Click here for related story [Washington Post/Suzy Khimm]
The Post's e-version of Suzy Khimm's hard copy paper story on the Inspector General's Report omits noteworthy information [seems the Post didn't like the content as it makes the Administration look bad as we approach the Fiscal Cliff].
"Median cash compensation [in 2011] for 333 vice presidents was $388,000 and for 1,650 directors $205,000 [an INCREASE of 5.4% for VPs and 3.9% for directors over 2010]. Total 2011 compensation for 2,000 senior staff was $455 MILLION. The top 87 executives received compensation was $92 MILLION."
|Huge compensation for creating huge losses|
By 2010, the bailout of Fannie Mae had cost TAXPAYERS more than $135 BILLION. By 2012, the combined bailout cost for Fannie Mae and Freddie Mack exceeded $200 Billion.
Why are there 333 Vice Presidents?
Why are there 1,650 Directors?
Why are these bureaucrats paid exorbitant salaries?
Why are we, the taxpayers, continuing to fund these high-priced DNC employment mechanisms.
Keep in mind that Fannie and Freddie are now "Government Sponsored Enterprises" -- which are the equivalent of government agencies since the government had to take them over via the TARP bailout plan. One would think, then, that the bureaucrats should be paid on the Civil Service scale -- vs the "take as much cash as you can jam in your pockets" scale. Instead, these faceless bureaucrats earn more than our Senators and Congresspeople, and in some cases, more than the President of the US.
|Negotiating the housing market maze.|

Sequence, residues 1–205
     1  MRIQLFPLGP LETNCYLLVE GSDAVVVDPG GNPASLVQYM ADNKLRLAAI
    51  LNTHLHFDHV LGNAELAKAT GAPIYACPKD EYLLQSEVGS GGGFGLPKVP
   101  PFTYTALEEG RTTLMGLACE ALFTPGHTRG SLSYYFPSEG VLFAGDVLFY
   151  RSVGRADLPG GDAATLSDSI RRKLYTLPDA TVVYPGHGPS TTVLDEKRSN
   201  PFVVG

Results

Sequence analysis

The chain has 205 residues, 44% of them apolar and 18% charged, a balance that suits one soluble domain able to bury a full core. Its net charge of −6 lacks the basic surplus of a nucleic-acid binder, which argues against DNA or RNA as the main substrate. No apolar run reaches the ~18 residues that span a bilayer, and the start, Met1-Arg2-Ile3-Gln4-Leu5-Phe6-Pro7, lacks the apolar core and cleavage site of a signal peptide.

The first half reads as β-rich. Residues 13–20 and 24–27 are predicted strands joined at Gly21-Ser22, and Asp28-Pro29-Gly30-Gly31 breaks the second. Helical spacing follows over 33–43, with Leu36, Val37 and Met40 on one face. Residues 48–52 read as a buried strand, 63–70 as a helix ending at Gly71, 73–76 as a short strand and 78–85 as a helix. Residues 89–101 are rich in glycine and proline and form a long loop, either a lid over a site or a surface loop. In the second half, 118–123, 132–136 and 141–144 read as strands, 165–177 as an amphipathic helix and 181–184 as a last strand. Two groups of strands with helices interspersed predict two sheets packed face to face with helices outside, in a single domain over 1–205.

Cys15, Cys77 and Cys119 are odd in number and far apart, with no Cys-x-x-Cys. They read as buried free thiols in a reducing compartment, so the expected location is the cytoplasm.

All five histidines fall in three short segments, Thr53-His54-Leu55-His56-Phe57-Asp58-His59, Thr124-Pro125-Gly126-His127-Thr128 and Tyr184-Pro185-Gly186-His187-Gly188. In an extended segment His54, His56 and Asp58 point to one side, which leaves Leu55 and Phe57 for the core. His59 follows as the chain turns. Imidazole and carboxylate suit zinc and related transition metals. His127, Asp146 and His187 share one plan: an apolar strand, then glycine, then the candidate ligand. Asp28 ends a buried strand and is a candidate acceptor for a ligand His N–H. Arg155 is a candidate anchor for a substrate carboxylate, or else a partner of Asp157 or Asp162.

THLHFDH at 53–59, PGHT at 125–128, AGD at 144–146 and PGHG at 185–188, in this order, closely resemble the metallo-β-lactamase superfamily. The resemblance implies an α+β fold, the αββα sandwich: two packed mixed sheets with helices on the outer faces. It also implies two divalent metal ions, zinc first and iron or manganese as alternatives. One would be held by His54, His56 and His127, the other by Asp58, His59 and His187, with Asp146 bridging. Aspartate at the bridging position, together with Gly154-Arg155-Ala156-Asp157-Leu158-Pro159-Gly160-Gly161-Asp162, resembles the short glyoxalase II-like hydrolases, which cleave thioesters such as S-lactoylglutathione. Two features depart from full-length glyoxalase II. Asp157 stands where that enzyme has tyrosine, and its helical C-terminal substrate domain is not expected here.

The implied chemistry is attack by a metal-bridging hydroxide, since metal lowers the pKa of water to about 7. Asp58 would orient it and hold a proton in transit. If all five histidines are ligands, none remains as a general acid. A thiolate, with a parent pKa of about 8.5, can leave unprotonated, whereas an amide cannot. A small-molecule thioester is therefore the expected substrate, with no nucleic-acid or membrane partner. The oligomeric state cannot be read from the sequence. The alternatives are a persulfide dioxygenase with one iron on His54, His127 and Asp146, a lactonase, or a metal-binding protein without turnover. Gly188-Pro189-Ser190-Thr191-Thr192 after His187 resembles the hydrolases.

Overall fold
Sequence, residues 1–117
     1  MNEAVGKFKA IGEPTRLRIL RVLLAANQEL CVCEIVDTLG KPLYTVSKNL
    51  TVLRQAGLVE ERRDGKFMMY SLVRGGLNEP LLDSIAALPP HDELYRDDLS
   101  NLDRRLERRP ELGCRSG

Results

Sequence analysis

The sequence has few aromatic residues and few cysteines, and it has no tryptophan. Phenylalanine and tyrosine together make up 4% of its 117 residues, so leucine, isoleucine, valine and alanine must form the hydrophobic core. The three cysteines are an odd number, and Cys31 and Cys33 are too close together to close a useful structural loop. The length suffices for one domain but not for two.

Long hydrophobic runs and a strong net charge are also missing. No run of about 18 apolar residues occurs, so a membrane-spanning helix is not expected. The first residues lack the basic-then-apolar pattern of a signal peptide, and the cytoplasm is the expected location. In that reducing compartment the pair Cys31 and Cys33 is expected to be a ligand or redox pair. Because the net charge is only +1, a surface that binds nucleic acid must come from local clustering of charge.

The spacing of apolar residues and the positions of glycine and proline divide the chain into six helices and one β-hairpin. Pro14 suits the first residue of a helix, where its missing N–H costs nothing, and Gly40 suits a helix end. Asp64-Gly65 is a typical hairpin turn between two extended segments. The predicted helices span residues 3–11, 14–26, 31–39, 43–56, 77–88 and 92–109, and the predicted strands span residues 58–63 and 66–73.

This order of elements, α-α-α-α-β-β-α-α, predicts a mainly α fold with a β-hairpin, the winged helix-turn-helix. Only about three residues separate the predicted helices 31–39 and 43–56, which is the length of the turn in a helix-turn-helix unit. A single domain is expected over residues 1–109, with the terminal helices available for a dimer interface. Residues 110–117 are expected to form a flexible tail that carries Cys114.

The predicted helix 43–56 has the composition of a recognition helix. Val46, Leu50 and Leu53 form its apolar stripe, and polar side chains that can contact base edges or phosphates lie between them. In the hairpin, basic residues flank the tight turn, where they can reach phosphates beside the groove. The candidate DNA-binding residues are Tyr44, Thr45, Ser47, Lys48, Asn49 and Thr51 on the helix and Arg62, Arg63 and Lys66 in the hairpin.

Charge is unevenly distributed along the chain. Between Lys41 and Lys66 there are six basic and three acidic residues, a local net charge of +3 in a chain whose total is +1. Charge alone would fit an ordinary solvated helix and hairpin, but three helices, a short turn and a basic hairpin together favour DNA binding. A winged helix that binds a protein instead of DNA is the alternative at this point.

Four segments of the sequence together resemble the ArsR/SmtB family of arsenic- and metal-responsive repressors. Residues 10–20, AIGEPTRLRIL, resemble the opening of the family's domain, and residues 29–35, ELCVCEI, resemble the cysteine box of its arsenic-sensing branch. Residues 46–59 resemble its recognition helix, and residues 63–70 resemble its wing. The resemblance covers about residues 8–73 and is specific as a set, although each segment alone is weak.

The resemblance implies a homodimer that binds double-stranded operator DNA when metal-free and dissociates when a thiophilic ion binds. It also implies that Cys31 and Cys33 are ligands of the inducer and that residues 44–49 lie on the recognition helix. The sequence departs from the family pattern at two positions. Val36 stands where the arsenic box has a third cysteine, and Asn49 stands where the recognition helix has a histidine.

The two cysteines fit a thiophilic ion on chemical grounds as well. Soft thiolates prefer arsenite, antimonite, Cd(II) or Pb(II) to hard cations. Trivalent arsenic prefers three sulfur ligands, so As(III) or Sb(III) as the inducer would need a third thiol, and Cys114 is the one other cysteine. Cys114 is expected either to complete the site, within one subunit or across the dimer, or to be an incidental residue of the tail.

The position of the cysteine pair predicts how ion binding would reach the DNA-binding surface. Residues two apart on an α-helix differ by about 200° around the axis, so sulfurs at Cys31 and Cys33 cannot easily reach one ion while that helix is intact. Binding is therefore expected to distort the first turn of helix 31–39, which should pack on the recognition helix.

Their "cure" for the foreclosure crisis was to create so many obstacles for homeowners that they were forced out of their homes; for purchasers, the obstacles made it almost impossible to buy foreclosed houses -- even with cash.
And finally, the new rules imposed have strangled the normal housing market, forcing well qualified purchasers with excellent credit and substantial down payments to wait months for mortgages to process.
In August, Treasury adjusted the bailout terms to require that Fannie wind down its investment portfolio more quickly, with profits redirected to the government -- preventing them from rebuilding capital or enabling them to return to non-government status. This follows an earlier strategy in which Fannie made regular dividend payments to Treasury to repay the bailout. Chairman Baucus [House Financial Services Comittee] noted that this change will ensure that the government would never recover its bailout funds, and embed Fannie and Freddie as government financial money pits.
Something to chat with your Congressperson about during this Fiscal Cliff "crisis.